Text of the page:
The recent Fourth of July certainly took us by surprise with the new fireworks law, the America Heritage Celebration Act. We didn’t know about it then but have had a crash course in it now.
Before this law went into effect, we’d have some fireworks in the distance and a few sparklers in the neighborhood for a couple of hours after dark. It didn’t seem to last too long, just long enough for you to realize we were celebrating something. And then the party was over.
So I would pretty much tell pet parents to keep their babies safe inside since it’s just one night of celebration. I knew if we could make it past those couple hours of noise without losing too many dogs, we could breathe a sigh of relief.
But this year was altogether different, and we were totally not expecting what happened. Maybe we should’ve paid better attention to the bills our legislators were working on to see what might have an impact on animals, but honestly all the rescuers I know are so busy taking care of animals they don’t have time to monitor legislation. Maybe we should get a lobbyist to watch out for the animals.
At any rate, I began to notice something was significantly different when I heard the intense noise. At first, I thought it was gunfire since it was so loud and scary.
What was really frightening was that it was so close. It sounded like professional fireworks that experts use at the fair. But these were amateurs setting off explosives in front of my house. It sounded like we were being bombed.
Then began the frantic requests from Facebook to help find dogs that escaped their fences. They were coming in one right after another. And they were from people who thought they’d taken every precaution having their pet confined in some fashion.
We lost dogs that were in fences, behind invisible fences, on leashes and even in cars. I worked into the wee hours of July 5 posting the ever-increasing number of lost ones on my Facebook page. When I returned to my computer after a brief rest, there were about 25 more pleas for help find lost dogs.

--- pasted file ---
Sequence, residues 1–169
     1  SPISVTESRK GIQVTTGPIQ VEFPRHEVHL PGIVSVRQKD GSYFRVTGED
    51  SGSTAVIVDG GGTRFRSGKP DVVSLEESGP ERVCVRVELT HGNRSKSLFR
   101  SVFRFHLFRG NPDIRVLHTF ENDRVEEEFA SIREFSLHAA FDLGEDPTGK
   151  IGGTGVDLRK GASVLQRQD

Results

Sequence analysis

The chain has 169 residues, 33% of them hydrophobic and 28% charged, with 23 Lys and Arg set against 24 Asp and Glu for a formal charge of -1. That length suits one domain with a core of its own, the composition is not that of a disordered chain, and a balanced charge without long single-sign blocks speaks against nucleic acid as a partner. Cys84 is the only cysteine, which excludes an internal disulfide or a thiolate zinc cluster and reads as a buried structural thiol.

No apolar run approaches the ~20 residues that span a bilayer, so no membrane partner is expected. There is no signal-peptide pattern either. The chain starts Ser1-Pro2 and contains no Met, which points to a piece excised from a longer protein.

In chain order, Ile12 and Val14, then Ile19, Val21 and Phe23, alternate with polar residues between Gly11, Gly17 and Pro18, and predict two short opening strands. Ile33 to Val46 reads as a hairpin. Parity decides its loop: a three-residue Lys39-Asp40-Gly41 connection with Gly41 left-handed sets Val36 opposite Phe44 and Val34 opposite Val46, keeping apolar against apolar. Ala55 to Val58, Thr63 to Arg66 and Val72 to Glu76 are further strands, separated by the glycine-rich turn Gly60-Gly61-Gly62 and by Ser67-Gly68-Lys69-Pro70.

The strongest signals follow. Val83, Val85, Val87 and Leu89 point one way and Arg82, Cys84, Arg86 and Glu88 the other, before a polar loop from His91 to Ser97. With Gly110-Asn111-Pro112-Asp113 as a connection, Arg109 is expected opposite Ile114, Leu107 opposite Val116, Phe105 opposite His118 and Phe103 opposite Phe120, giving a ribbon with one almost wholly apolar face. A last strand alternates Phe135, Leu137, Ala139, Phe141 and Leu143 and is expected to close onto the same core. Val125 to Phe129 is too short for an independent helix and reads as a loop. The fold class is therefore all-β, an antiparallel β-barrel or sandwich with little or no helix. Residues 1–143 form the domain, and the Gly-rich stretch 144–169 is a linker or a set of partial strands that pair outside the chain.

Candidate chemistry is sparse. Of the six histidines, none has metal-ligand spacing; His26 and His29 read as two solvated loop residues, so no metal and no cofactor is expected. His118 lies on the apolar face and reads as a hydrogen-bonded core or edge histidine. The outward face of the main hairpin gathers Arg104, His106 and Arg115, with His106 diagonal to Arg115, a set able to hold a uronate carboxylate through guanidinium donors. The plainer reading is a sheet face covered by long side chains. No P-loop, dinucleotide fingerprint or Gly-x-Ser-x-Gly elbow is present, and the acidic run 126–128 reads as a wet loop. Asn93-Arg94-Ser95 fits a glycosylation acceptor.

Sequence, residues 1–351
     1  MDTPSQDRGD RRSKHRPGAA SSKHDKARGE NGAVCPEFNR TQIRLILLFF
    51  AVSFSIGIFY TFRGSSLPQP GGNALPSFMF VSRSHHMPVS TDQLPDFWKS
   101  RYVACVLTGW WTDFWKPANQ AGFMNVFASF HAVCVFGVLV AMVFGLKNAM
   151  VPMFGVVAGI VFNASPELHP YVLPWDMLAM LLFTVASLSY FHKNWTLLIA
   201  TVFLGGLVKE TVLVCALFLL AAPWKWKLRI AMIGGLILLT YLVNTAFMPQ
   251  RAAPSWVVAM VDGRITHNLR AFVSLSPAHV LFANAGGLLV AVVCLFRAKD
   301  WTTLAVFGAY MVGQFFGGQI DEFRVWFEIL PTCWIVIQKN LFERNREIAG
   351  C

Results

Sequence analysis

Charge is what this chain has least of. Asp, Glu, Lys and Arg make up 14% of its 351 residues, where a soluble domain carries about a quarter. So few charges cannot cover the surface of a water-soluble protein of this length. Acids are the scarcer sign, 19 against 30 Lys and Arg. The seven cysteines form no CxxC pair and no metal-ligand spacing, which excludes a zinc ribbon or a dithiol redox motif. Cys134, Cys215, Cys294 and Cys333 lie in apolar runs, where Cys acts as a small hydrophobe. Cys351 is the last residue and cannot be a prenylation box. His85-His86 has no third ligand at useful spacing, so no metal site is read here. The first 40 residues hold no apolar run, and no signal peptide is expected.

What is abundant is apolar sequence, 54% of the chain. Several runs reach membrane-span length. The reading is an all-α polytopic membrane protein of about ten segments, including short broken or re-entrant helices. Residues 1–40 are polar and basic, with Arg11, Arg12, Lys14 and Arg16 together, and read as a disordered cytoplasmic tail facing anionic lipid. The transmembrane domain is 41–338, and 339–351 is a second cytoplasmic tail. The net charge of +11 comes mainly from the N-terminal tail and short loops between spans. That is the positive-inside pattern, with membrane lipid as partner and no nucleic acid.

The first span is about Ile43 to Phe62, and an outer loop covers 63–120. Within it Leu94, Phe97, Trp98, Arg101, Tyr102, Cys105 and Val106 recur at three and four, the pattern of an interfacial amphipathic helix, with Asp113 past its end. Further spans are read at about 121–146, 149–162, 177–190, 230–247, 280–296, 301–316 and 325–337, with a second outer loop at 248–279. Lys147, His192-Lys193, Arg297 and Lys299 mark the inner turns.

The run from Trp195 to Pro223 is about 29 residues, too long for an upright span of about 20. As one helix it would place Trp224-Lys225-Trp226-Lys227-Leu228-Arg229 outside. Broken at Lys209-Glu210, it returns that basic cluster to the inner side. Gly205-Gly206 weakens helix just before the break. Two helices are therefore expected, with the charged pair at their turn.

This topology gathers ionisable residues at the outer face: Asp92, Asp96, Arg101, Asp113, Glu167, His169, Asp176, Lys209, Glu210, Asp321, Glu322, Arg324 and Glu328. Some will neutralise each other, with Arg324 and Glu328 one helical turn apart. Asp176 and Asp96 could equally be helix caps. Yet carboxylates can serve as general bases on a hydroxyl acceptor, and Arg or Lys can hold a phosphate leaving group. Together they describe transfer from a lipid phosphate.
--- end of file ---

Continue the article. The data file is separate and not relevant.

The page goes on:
We have found some of the lost pets. But unfortunately at least eight of the beloved family pets that escaped did not survive.
Ironically, we’ve gotten reports of daily fireworks, so the requests for help to find lost dogs spooked by fireworks continue daily. The new law allows people to shoot fireworks any day of the week. So how will we anticipate when the booms are coming?
From now on, dogs or cats that stay outside or even briefly go outside will be subject to these explosions any night of the week without warning. I can tell you that fences, especially invisible fences, won’t hold scared dogs in. A terrified dog will run right through the boundary of an invisible fence if he experiences the horrific sounds.
So what are pet parents to do to keep their babies safe? First, keep your pets inside. Next, microchip your pet. Make the appointment and get it done. And put sturdy, legible ID tags on your pets, and change them quarterly.
Next, purchase a martingale collar at the pet store. This is the collar that will tighten if your pet tries to back out of it. So if you’re walking your dog on a leash and hear an unexpected loud boom, chances are she won’t be able to escape the collar.
The fireworks that started on Independence Day and have continued daily have been quite traumatic for people’s pets, farm animals and probably wildlife, too.
And the new law may create an aggravation for those working folks trying to sleep since the explosives can be shot every night of the week, even a night before you have a very important meeting at work and need your rest. What about new parents trying to get a tiny baby to sleep with loud, scary fireworks right in front of their house? Or people who are ill and don’t need to be disturbed?
We’re trying to adjust to the new normal with the potential of hearing explosives close to our homes any night of the week. I encourage you to please take extra measures to keep your pets safe and try to make them feel secure.
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